Workplace stress and anxiety is on the rise at CSIRO, with a new report revealing the impact of the COVID-19 pandemic on science workers at Australia’s premier research organisation.
Released by the union representing CSIRO workers, the National Workplace Health, Safety and Wellbeing Report charts the course of the pandemic’s second year – including the period covering extended lockdowns in Sydney, Melbourne and Canberra – and involved more than 1,300 participants.
“CSIRO employees are dedicated to their work and strongly believe in the organisation but as we near the end of the year and the second anniversary of the beginning on the pandemic, this report finds that the resilience of CSIRO staff, while still strong, has been tested,” said Acting Staff Association Secretary Susan Tonks.
CSIRO’s own staff survey, conducted in March 2021, already found that nearly half (42 per cent) of respondents reported often feeling anxious in the previous month; with excessive workloads, project delivery and unrealistic deadlines nominated as key stressors.
However, when asked in a Staff Association survey later in October, more than 80 per cent of respondents reported feeling anxious at work during the preceding three months (during the Delta outbreak) with more than a third citing often instances of anxiety.
“CSIRO employees are deeply committed to the work they do and while a large majority consider the organisation a safe place to work, a growing number of staff describe their working life as increasingly stressful,” Ms Tonks said.
When asked to name the key drivers of workplace stress, the five most common responses included; feeling disconnected (51 per cent), excessive workloads (45 per cent), project delivery (42 per cent), job insecurity (23 per cent) and working remotely (21 per cent).
More than a third (34 per cent) of respondents reported an increase in workload due to extended working from home, whereas 42 per cent reported little to no impact.
“Working from home makes me feel like I need to be accessible all day,” said one report participant.
Nearly half (49 per cent) of respondents reported a decline in mental health and wellbeing from April 2021 levels.
When asked whether staff felt supported by CSIRO and connected to colleagues, 83 per cent of respondents agreed (to some extent) with the statement. However, 53 per cent only felt well supported under the circumstances. 13 per cent reported feeling disconnected and in need of more support.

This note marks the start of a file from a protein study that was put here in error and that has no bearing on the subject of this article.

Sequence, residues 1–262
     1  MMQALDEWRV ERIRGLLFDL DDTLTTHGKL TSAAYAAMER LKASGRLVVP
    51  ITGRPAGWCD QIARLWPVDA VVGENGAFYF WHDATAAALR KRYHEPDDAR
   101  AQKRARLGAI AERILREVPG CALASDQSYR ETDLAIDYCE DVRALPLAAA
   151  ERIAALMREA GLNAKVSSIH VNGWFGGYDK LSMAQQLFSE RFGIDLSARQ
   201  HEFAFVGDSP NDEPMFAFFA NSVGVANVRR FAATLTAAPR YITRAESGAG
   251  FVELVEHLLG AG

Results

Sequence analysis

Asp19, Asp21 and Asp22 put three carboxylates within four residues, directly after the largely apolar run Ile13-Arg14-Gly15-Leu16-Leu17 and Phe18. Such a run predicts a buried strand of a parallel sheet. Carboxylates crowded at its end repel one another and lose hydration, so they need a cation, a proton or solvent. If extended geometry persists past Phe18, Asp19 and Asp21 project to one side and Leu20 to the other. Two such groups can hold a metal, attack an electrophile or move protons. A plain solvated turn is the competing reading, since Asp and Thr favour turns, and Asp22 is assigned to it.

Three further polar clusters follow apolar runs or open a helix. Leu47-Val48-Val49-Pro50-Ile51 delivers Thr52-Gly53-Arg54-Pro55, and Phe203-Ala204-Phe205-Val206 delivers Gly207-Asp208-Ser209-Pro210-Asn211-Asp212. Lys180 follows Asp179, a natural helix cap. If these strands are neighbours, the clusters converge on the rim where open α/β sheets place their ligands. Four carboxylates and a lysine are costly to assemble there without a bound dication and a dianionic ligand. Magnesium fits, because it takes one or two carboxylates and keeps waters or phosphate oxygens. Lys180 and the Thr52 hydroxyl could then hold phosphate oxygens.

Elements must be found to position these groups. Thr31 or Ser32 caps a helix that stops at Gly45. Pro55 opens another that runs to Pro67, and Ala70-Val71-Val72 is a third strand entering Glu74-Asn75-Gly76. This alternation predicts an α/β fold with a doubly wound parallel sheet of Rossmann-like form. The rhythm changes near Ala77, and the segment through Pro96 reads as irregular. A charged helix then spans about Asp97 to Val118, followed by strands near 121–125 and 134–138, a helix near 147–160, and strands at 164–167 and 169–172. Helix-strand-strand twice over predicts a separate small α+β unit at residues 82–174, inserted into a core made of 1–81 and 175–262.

“In general, staff still feel supported by CSIRO and connected to colleagues. But, crucially, for a majority that’s only a pass mark given the circumstances of the pandemic. In other words, not a ringing endorsement,” Ms Tonks said.
During the second half of 2021, nearly 60 per cent of respondents reported working from home for three consecutive weeks or more due to public health measures to contain COVID-19.
“We estimate that up to two thirds of staff continue to work from home consistently and have done so for an extended period this year,” Ms Tonks said.
“That seems to have had a split impact on workloads; with similar numbers of staff either reporting little to no effect while for others the burden has increased and the boundaries between home and work have blurred significantly.”
21 per cent of respondents want to continue working from home most of the time. 51 per cent of participants will seek hybrid or split arrangements, while 19 per cent are keen to return to the workplace. Only 5 per cent feel worried that they will face pressure to return.
“Working from home seems here to stay, with a majority of CSIRO staff interested in pursuing hybrid or blended arrangements that incorporate some onsite work,” Ms Tonks said.
“However, those who have returned to workplaces are reporting increased pressure to fulfil the corporate citizenship and volunteer roles that keep sites functioning.”
Australian workplace health and safety laws mandate a role for staff in the form of the Health and Safety Representative (HSR). These are employees, democratically elected by colleagues, to independently represent staff and help keep workplaces safe.
Of those staff surveyed, nearly half (46 per cent) where unsure or did not know the identity of their local HSR. More than half of participants (55 per cent) did not know or were unsure about the difference between the roles and responsibilities of the independent HSR and that of CSIRO’s own in-house health and safety staff.
“HSRs have a positive and significant role to play in providing staff consultation around workplace health and safety issues, which may prove to be increasing importance as the CSIRO workforce seeks to reconnect with each other following the fragmentation caused by the pandemic,” Ms Tonks said.
The report makes five key recommendations: